Hillsdale High Bombing Suspect Takes Stand, Defense Rests
REDWOOD CITY (CBS SF) — Hillsdale High School bombing suspect Alexander Youshock said he never thought twice about carrying out his plan to kill three of his former teachers at the school.
Youshock, 18, testified in his own defense Monday afternoon in San Mateo County Superior Court, where he is charged with two counts of attempted murder and other charges stemming from the attack at Hillsdale High School on the morning of Aug. 24, 2009.
“I never had any second thoughts about it,” Youshock said, recalling his state of mind in the months before he went to the school with 10 homemade pipe bombs, a chainsaw, and a 10-inch knife.
“I saw it as something that had to be done,” he said.
Youshock answered questions from defense attorney Jonathan McDougall and Chief Deputy District Attorney Karen Guidotti in a soft-spoken and monotone voice. His voice was so quiet during his two-hour testimony that on several occasions, the court reporter—sitting just a few feet from the defendant—had to ask him to repeat himself.
Youshock said that he was in the eighth grade when he first began hearing voices, a sign of what psychiatrists and psychologists have said was the defendant’s burgeoning schizophrenia.
He recalled setting a backpack down on the floor at his dad’s house, when he heard a voice say “ouch.” Youshock thoughy it was a ghost, he said.
During his freshman and sophomore years at Hillsdale High, where he started attending classes in 2006, Youshock said he began to harbor a grudge against the school because he felt “singled out” by his faculty adviser, Principal Jeff Gilbert, and by three of his teachers—Andrew Hartig, Allie Pitts and Meghan Spaulding.
“I just had a grudge against the school,” Youshock said. “I always felt like the teachers were singling me out.”
In her cross examination, Guidotti suggested that the defendant was resentful toward those members of the school faculty that made particular efforts to get Youshock to do his homework, lift his head off his desk and pay attention in class.
The defendant admitted that her suggestion could be true.
It wasn’t until a school shooter in Germany massacred more than a dozen students on campus in March 2009 that Youshock resolved to plan and carry out an attack on Hillsdale High, he said.
“I was going to kill the teachers,” Youshock said.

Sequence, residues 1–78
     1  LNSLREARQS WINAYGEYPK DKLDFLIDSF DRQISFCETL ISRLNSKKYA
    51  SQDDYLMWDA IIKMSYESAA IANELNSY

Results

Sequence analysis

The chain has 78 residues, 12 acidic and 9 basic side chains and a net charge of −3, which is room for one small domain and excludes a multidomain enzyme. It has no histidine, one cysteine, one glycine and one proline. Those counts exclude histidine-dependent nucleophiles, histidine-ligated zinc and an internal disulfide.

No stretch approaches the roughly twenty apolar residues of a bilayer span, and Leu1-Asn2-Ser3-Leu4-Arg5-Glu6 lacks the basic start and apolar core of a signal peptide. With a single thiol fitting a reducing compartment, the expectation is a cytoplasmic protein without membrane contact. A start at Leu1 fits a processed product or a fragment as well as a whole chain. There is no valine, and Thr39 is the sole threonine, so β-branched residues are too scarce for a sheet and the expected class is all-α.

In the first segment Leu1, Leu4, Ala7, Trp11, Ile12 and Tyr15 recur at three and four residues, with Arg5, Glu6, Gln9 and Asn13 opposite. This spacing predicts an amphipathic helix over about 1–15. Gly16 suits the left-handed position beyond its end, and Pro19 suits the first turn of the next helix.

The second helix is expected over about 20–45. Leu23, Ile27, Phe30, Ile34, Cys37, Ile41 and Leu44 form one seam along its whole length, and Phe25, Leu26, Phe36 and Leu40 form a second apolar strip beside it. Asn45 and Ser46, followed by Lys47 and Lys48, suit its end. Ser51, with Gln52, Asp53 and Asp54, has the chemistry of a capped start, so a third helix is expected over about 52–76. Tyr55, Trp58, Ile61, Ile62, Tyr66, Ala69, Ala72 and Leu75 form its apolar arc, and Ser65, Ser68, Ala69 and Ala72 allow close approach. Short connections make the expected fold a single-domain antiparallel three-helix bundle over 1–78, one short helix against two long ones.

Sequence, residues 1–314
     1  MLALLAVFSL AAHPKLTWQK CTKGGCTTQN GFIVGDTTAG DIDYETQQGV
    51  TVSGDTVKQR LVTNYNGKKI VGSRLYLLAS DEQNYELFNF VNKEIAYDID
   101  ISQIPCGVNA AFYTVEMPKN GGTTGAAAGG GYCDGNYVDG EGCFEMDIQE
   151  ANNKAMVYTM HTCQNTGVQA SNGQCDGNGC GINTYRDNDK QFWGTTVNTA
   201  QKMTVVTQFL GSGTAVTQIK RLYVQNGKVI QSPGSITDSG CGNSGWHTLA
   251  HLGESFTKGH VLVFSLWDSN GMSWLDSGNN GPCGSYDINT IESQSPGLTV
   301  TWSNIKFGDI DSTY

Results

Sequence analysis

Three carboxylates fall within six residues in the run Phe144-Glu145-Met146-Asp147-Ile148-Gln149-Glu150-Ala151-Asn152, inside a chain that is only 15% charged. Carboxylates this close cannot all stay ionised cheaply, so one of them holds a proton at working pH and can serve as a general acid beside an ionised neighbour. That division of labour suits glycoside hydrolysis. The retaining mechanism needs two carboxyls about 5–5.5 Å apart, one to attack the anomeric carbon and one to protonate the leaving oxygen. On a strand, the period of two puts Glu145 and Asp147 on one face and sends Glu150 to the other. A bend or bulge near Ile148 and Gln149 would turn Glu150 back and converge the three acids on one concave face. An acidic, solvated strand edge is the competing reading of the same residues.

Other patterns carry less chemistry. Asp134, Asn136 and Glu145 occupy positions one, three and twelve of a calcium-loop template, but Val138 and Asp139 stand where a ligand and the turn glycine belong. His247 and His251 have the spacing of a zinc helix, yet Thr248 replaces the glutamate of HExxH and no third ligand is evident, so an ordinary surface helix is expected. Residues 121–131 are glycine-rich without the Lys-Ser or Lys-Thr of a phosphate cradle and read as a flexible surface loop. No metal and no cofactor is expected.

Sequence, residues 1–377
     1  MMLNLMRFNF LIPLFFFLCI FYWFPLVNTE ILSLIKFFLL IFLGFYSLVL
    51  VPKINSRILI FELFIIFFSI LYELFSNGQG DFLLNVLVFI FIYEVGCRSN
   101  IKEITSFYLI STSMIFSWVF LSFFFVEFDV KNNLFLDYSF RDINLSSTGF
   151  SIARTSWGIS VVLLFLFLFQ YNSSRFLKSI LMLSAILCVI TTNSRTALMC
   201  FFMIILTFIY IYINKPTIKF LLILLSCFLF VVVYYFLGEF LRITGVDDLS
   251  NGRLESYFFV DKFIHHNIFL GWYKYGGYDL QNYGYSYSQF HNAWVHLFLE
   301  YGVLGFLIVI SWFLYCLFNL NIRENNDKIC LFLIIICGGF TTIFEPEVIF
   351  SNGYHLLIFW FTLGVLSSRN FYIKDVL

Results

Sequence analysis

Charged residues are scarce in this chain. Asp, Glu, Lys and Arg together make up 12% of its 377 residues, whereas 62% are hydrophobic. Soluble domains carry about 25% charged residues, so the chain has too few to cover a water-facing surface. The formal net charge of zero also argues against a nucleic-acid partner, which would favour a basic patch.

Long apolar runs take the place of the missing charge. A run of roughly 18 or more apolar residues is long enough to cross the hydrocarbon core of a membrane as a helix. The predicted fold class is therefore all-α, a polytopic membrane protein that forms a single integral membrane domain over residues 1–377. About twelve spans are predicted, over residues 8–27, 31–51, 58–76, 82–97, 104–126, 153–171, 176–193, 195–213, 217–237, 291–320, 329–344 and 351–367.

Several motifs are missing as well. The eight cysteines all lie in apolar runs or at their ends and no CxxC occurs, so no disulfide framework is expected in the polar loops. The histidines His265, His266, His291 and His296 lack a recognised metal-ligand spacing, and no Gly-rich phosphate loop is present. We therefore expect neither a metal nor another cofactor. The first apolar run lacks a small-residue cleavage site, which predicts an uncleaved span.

He said he never intended to harm students, but if anyone got in the way of his 10 homemade pipe bombs, his samurai sword or the chainsaw, others might also have been killed.
Youshock testified that he incorporated elements of a campus shooting at Virginia Tech into his own attack, such as leaving behind a manifesto and a plan to trap students in their classrooms by blocking the doors with doorstoppers.
Throughout the time when he was planning the assault, between March and August 2009, Youshock said he isolated himself in his room, played violent video games, and fantasized about building a city in Antarctica where he could be in control.
The defendant also said he suffered deepening suicidal tendencies, holding knives to his wrists and watching himself put a cap gun to his head in front of a mirror.
Guidotti suggested that Youshock could have killed himself if he wanted, but that he just pretended to want to because he enjoyed it.
“There’s nothing to enjoy,” Youshock said.
At no point did Youshock deny concocting a detailed plan to attack his former teachers, from using Google to research campus killings and bomb ingredients to convincing his mom that he was filming a video at a park near the school and needed to be dropped off there on the morning he referred to in his writings as “D-day.”
No one was injured in the attack.
Youshock admitted to setting off two pipe bombs in the school hallways in an effort to escape after he tried and failed to start his chainsaw.
McDougall asked Youshock how he felt Monday looking back on what he did.
“I feel bad about it,” Youshock said. “I could have killed someone. I scared a lot of people.”
The defense rested its case Monday afternoon.
The prosecution is scheduled to begin a rebuttal on Wednesday.
Youshock has been charged with two counts of attempted murder, two counts of exploding a destructive device with the intent to commit murder, one count of possession of a destructive device in a public place, one count of use of explosives in an act of terrorism, and two counts of possession of a deadly weapon.
If he is found guilty of any of the charges against him, a second trial will begin before the same judge and jury to determine his sanity.
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